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How Many Died in London Fire? Anger Rises as Police Won’t Say for Sure

The volunteer researchers have used different methods to arrive at their own estimates.

The software engineer, Joshua Vantard, has been using crowdsourcing techniques on a website, Gathrer, to amass information on those who had been found or were missing. With two volunteer editors, he began poring through public sources to compile the information. He says the data remains too incomplete to allow scientific judgments, but his figure of 93 remains the most complete accounting in the public domain. (Mr. Vantard took data identifying the victims by name offline on Monday, citing privacy concerns raised by people claiming to represent the survivors.)

Among those who began using the Gathrer data was the demographer Michelle vonAhn, who previously worked for another council in London that had similarly large immigrant populations and data about their living arrangements.

“I don’t subscribe to the conspiracy theory,” she said, “but I do absolutely agree that there has been a purposeful attempt to trickle out the number of deaths, to not have any kind of overall figure in terms of people who may have died there.”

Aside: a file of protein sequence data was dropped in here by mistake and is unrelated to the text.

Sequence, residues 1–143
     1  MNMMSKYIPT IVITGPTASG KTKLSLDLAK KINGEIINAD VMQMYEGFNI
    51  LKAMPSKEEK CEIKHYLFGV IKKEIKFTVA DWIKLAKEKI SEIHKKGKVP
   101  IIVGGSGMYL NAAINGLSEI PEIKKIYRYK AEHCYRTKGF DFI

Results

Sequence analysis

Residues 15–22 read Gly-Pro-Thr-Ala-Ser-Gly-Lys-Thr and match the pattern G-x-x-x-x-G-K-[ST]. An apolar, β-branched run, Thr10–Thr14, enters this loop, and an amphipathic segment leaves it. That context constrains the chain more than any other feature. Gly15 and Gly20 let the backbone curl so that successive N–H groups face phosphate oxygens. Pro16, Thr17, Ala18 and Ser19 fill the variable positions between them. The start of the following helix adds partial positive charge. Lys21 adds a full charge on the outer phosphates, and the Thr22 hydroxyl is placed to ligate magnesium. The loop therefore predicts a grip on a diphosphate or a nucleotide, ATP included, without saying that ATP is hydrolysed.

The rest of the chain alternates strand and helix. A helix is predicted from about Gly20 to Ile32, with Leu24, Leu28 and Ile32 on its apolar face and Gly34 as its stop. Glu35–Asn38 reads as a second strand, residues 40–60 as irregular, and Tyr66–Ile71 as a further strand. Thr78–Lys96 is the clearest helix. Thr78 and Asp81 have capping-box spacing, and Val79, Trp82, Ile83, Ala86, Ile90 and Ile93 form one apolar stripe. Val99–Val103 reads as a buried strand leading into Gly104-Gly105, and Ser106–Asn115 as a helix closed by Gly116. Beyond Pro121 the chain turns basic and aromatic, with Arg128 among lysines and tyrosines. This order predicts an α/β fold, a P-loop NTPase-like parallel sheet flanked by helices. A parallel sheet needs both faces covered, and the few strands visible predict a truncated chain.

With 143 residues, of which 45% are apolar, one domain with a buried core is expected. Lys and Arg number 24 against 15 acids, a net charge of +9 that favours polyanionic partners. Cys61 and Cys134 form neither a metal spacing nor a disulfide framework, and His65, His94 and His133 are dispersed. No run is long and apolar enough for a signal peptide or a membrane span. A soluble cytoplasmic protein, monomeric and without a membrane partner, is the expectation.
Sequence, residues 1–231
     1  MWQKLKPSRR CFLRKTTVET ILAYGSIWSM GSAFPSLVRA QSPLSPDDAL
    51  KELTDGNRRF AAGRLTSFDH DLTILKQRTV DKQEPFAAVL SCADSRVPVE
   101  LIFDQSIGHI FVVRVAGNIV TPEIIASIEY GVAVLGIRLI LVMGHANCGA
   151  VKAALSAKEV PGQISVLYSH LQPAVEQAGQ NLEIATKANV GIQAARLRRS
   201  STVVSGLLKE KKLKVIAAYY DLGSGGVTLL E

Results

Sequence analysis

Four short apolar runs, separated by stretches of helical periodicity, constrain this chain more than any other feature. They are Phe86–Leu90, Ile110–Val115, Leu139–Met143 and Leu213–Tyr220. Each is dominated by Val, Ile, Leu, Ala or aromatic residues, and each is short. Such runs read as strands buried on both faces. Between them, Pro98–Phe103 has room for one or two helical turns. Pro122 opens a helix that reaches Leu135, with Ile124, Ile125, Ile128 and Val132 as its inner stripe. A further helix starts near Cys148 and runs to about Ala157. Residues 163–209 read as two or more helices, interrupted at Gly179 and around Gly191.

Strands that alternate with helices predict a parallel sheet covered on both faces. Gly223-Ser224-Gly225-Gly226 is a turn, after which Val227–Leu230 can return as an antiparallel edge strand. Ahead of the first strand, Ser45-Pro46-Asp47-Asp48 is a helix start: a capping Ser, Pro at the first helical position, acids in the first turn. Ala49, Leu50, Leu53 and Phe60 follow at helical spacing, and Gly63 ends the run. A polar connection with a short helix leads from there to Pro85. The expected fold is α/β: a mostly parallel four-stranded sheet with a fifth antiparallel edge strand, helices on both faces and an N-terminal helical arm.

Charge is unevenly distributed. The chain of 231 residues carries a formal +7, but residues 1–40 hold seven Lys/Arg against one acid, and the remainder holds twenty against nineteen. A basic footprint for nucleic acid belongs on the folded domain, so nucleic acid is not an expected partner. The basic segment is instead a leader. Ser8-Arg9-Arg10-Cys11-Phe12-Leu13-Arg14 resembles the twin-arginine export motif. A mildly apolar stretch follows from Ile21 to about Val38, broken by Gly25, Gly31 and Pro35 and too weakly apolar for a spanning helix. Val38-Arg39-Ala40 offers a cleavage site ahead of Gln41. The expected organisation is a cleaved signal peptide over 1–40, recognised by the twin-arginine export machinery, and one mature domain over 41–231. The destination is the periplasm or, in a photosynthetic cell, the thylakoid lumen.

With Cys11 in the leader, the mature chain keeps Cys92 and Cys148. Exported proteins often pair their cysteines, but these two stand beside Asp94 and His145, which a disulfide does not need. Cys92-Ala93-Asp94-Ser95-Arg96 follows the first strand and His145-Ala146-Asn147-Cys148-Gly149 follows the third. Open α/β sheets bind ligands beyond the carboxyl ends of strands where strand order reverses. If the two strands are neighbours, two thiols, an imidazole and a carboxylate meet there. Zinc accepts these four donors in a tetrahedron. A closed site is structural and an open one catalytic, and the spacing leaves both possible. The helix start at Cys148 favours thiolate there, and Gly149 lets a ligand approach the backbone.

Ms. vonAhn and others working on the subject have concluded that until they know for certain how many people lived in Grenfell, they may never know how many died in the fire. Even DNA samples will not necessarily help, since DNA is usually destroyed by the high temperatures in a fire. In many of the apartments, including the 23 from which no one has been found, only ashes remain.

Sajad Jamalvatan, the Iranian student, who was out the night of the fire and whose mother survived the blaze, said he had his own count of 123 dead, but did not supply the raw data to back up his assertion. “It cannot be 80, it’s double that,” he said of the police estimate. “They don’t want to give out three-digit numbers.”

A spokesman for the council, who refused to give his name, was annoyed by suggestions that the council should have some idea how many people were registered to live in Grenfell Tower. “Grenfell Tower is not a gulag,” he said. “The U.K. is not a communist state. Why would they have been registered?”

Residents, however, seem unlikely to accept such reassurances anytime soon, in the absence of a detailed methodology. Amina al-Wahadi, who lived near the tower and watched as the flames consumed her brother and his family of five on the 21st floor, said of the authorities: “They’re stuck on 80, they’re covering their backs, that’s all.”

Source: NYT > World

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